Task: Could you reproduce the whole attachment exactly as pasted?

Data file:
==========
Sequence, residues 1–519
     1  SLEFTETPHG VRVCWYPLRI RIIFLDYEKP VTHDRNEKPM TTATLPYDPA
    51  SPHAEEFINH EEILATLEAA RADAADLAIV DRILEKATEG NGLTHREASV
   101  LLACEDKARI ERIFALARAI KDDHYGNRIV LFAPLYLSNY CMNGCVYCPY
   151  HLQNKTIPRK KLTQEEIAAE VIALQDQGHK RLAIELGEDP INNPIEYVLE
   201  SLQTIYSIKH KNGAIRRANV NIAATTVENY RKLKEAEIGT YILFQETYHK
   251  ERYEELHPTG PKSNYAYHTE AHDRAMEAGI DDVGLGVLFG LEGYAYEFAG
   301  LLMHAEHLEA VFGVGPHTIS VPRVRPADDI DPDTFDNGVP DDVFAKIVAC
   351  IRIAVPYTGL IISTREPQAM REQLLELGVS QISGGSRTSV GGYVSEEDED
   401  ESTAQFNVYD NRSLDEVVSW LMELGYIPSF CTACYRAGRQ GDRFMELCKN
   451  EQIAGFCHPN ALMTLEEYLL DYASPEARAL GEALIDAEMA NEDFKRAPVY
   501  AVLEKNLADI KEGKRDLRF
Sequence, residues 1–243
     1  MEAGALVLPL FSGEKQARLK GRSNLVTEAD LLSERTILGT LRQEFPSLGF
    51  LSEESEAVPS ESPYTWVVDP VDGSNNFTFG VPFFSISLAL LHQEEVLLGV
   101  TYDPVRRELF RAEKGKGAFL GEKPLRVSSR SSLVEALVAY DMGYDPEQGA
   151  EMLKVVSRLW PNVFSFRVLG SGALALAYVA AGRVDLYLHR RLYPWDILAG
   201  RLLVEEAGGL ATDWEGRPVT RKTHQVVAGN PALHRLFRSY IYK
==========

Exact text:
Sequence, residues 1–519
     1  SLEFTETPHG VRVCWYPLRI RIIFLDYEKP VTHDRNEKPM TTATLPYDPA
    51  SPHAEEFINH EEILATLEAA RADAADLAIV DRILEKATEG NGLTHREASV
   101  LLACEDKARI ERIFALARAI KDDHYGNRIV LFAPLYLSNY CMNGCVYCPY
   151  HLQNKTIPRK KLTQEEIAAE VIALQDQGHK RLAIELGEDP INNPIEYVLE
   201  SLQTIYSIKH KNGAIRRANV NIAATTVENY RKLKEAEIGT YILFQETYHK
   251  ERYEELHPTG PKSNYAYHTE AHDRAMEAGI DDVGLGVLFG LEGYAYEFAG
   301  LLMHAEHLEA VFGVGPHTIS VPRVRPADDI DPDTFDNGVP DDVFAKIVAC
   351  IRIAVPYTGL IISTREPQAM REQLLELGVS QISGGSRTSV GGYVSEEDED
   401  ESTAQFNVYD NRSLDEVVSW LMELGYIPSF CTACYRAGRQ GDRFMELCKN
   451  EQIAGFCHPN ALMTLEEYLL DYASPEARAL GEALIDAEMA NEDFKRAPVY
   501  AVLEKNLADI KEGKRDLRF
Sequence, residues 1–243
     1  MEAGALVLPL FSGEKQARLK GRSNLVTEAD LLSERTILGT LRQEFPSLGF
    51  LSEESEAVPS ESPYTWVVDP VDGSNNFTFG VPFFSISLAL LHQEEVLLGV
   101  TYDPVRRELF RAEKGKGAFL GEKPLRVSSR SSLVEALVAY DMGYDPEQGA
   151  EMLKVVSRLW PNVFSFRVLG SGALALAYVA AGRVDLYLHR RLYPWDILAG
   201  RLLVEEAGGL ATDWEGRPVT RKTHQVVAGN PALHRLFRSY IYK